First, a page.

6 Resolutions for Wedding Speech Success

6 Resolutions for Wedding Speech Success

It’s traditional to greet the New Year with a mixture of excitement and optimism. But if you’re due to give an important wedding speech in this coming year, you might just feel a bit of trepidation too.

Maybe it’s the first time you’ve spoken in front of a big group of people. Or perhaps you’re not quite sure what to say. It could just be a fear of letting people down.

Whether the wedding is just round the corner or several months away, there are some simple resolutions you can make right now that will greatly improve the chances of delivering a winning speech on the big day.

So here are 6 commitments that will put you firmly on the right track if you’re giving a wedding speech in the new year…

1) I will not leave preparations until the very last minute

Few people genuinely relish the prospect of writing a wedding speech. For many it’s a new experience and so it’s only natural to keep putting it off.

However, working on it calmly, bit by bit, over a few weeks will produce a much better result (and far less stress) than a mad dash to the finish line in the last day or two.

So try to get a first draft completed at least a month before the wedding - even if it’s not very good. It’s always much easier to get your speech into shape once you’ve got something basic to work with.

2) I promise to keep it short and sweet

The ideal length for a wedding speech is 5 - 10 minutes. Much longer and the guests may start to get restless - after all it’s not just your speech they will be expected to listen to.

It’s certainly not unheard of for a speech to go on much longer than this and still leave the guests eager for more, but it’s very rare. Play it safe - keep it short.

People speak at different rates but as a general rule if your speech is more than about 1,000 words on the page it’s likely to be running long.

3) I will not use second-hand wedding jokes

Wedding speeches - in particular the Best Man’s speech - are often expected to be humorous. And while there are plenty of wedding-related jokes to be found on the internet, most of them have been used so often that many guests will have heard them before.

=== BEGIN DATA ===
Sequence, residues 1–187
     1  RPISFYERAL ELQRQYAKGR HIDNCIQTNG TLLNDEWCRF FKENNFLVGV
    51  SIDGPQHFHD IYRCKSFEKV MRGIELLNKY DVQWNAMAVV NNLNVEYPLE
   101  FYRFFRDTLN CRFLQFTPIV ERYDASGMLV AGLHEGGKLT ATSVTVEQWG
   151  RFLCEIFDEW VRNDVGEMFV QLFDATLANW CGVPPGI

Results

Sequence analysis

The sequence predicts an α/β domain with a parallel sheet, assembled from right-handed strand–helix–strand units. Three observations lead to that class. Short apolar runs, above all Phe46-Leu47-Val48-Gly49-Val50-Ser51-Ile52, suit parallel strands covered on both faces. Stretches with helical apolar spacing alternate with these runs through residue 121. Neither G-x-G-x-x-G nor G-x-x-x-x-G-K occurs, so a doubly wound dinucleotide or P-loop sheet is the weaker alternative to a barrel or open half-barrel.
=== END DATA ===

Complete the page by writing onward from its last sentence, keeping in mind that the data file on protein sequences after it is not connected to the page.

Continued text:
It’s much better to derive humour from real stories and personal knowledge, than to simply recycle jokes from elsewhere (many of which are horribly out-of-date in terms of tone anyway).

If you’re not a natural comedian, don’t worry. Wry observations and gentle exaggeration - based on genuine familiarity with the people involved - is sure raise a smile among family and friends. No ‘jokes’ required.

4) I will remember to say thank you

Each of the main wedding speeches is an opportunity to thank people:

  • the Father of the Bride thanks the guests for coming to the wedding
  • the Groom thanks everyone who made the day possible
  • the Best Man thanks the Bride and Groom for any gifts on behalf of the wedding party

Make a list early on of everyone you need to thank - particularly if you’re the Groom.

Forgetting to thank someone important on the day risks making them feel neglected - and you’ll feel bad later on when you realise your mistake.

5) I will give a speech - not a reading

No-one expects you to commit your entire wedding speech to memory. However, simply standing up and reading it word for word from a sheet of paper is unlikely to engage your audience.

The paper creates a barrier between you and the audience and reading makes it difficult to establish eye contact with people.

The answer is a small set of prompt cards you can hold easily in one hand that have an outline and any key phrases. Of course you have to be familiar with the content, but having cards will ensure you never lose your thread.

6) I will do some practice before the big day

Public speaking is not a natural or comfortable activity for most people. So it’s a good idea to practice your wedding speech out loud several times before you have to do it for real.

Either practice in front of friends or family and get some feedback, or video record yourself speaking and watch it back.

Not only will this make you more confident with the delivery, but will also help identify any potential problems with the content sooner rather than later.

Why don’t you write them down on a piece of paper and stick it somewhere you’ll see it every day?

Good luck and remember - the sooner you start work on your wedding speech, the better prepared you’ll be when the big day comes.